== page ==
Philosophy of Science 48 (1):50-64 (1981)
|Abstract||Recent discussions of experimental tests of the Sum Rule have been carried out in the context of the special circumstances attending the Cross-Ramsey experiment. A more general analysis of possible tests is presented. A technical mistake of Fine and Glymour concerned with a misunderstanding of the physics of the Cross-Ramsey experiment is explained and a detailed analysis of a thought experiment based on the Einstein-Podolsky-Rosen wave function is given. It is concluded, in agreement with Fine, that scattering experiments do not test the Sum Rule as a principle which supplements standard quantum mechanics|
|Keywords||No keywords specified (fix it)|
|Categories||categorize this paper)|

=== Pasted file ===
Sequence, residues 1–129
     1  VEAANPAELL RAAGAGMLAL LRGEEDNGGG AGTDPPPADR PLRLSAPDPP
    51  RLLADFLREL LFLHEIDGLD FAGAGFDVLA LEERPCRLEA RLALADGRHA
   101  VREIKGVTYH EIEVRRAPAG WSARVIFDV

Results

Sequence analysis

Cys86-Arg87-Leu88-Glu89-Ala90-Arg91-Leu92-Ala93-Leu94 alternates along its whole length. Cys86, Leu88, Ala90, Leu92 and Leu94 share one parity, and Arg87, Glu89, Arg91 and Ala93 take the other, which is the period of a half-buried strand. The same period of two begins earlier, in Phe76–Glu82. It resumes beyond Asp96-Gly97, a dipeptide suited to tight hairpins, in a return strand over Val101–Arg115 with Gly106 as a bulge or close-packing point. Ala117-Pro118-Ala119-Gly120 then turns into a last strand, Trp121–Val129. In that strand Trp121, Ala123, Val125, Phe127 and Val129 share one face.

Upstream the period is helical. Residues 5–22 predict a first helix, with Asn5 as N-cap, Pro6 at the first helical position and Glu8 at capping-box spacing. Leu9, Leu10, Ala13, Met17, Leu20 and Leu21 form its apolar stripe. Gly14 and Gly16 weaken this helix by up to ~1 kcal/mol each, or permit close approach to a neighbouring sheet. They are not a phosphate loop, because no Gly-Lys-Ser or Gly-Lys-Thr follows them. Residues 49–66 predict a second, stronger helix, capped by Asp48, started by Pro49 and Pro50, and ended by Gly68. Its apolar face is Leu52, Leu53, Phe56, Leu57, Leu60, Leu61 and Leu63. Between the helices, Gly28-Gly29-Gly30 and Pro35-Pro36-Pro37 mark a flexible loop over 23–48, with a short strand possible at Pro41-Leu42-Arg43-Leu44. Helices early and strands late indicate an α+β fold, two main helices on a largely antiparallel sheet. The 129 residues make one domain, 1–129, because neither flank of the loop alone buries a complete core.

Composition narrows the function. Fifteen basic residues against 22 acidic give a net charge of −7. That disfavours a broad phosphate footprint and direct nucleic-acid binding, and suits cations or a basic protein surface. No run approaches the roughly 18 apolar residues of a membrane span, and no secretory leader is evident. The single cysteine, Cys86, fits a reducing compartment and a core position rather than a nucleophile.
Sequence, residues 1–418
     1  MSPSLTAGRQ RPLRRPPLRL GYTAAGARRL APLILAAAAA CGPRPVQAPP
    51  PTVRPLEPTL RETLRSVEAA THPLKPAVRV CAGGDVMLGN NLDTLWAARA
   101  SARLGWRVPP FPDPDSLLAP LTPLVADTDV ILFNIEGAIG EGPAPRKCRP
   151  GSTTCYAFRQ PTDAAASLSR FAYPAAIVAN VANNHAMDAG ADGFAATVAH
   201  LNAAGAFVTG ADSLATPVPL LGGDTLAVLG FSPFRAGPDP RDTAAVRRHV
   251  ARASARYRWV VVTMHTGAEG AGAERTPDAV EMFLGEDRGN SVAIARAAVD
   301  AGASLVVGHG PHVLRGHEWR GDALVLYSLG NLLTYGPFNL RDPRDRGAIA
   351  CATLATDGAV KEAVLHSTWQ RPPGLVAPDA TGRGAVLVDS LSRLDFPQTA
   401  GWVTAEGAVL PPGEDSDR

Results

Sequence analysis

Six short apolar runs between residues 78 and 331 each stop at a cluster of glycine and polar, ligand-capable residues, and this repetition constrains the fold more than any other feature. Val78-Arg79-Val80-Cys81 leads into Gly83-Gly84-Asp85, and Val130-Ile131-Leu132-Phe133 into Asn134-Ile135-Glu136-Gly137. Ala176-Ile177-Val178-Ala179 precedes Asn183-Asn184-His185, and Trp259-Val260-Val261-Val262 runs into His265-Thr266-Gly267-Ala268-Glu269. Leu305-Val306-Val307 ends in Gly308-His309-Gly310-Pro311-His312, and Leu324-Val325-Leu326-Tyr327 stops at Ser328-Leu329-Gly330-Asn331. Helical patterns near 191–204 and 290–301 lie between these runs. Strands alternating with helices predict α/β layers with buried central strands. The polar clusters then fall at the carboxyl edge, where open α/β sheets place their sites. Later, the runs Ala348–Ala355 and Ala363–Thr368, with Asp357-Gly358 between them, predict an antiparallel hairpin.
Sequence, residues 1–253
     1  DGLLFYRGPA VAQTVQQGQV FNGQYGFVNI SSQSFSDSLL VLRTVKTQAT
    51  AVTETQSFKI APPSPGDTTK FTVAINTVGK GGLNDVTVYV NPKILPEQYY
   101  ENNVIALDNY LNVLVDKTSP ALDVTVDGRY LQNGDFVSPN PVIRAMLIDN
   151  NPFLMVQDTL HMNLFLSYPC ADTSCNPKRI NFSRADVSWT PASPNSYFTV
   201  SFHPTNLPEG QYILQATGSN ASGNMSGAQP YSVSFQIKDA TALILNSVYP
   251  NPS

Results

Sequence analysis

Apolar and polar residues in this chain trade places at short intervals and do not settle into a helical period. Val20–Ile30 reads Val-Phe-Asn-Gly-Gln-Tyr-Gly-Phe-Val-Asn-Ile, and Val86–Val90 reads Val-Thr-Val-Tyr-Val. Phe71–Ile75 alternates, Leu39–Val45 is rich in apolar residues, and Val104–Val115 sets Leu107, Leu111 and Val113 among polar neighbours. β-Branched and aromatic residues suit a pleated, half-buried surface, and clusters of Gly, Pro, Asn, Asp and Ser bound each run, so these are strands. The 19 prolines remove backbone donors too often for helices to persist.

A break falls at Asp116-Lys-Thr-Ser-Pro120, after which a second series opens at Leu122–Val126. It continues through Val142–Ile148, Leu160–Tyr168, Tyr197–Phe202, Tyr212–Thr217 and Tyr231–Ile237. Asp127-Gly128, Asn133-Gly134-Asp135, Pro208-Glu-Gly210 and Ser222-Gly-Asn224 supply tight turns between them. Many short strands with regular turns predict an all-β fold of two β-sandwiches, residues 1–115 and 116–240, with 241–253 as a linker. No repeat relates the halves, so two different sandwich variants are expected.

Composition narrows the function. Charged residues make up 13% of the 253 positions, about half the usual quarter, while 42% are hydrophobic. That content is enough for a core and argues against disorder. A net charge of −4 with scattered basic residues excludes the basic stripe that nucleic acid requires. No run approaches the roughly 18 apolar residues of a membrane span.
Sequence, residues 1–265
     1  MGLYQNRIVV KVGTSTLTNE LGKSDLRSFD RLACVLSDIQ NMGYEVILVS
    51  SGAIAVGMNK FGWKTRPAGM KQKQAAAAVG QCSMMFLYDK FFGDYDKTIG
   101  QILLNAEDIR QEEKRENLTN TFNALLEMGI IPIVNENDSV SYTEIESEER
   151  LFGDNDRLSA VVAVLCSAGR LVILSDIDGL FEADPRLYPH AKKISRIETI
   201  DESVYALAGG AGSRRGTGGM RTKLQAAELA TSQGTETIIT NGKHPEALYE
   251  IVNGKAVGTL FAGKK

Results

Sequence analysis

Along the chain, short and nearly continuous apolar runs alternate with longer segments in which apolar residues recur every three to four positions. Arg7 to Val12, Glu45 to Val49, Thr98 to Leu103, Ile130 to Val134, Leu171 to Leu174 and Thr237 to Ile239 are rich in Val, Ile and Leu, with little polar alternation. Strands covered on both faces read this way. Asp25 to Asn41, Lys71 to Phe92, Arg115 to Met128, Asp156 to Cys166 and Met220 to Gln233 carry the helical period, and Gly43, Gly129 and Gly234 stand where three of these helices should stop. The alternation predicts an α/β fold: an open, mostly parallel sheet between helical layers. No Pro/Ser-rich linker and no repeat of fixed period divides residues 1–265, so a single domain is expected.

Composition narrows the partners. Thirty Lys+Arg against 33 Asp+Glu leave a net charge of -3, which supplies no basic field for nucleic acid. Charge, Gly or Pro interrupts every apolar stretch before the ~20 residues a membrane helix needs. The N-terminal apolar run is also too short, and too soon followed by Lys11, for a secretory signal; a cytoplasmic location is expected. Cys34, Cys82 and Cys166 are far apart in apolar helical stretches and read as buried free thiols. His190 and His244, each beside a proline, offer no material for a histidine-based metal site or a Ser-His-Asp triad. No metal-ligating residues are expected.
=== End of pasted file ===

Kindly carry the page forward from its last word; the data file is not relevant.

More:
|Through your library||Configure|
Similar books and articles
Sylvain Moutier, Nathalie Angeard & Olivier Houde (2002). Deductive Reasoning and Matching-Bias Inhibition Training: Evidence From a Debiasing Paradigm. Thinking and Reasoning 8 (3):205 – 224.
D. H. Sanford (2011). Can a Sum Change its Parts? Analysis 71 (2):235-239.
Clark Glymour (1977). The Sum Rule is Well-Confirmed. Philosophy of Science 44 (1):86-94.
Davis Baird (1984). Tests of Significance Violate the Rule of Implication. PSA: Proceedings of the Biennial Meeting of the Philosophy of Science Association 1984:81 - 92.
Arthur Fine (1977). Conservation, the Sum Rule and Confirmation. Philosophy of Science 44 (1):95-106.
Robin Giles (1979). The Concept of a Proposition in Classical and Quantum Physics. Studia Logica 38 (4):337 - 353.
Clark Glymour (1975). Relevant Evidence. Journal of Philosophy 72 (14):403-426.
John McDonald (1992). Is Strong Inference Really Superior to Simple Inference? Synthese 92 (2):261 - 282.
Sorry, there are not enough data points to plot this chart.
Added to index2009-01-28
Recent downloads (6 months)0
How can I increase my downloads?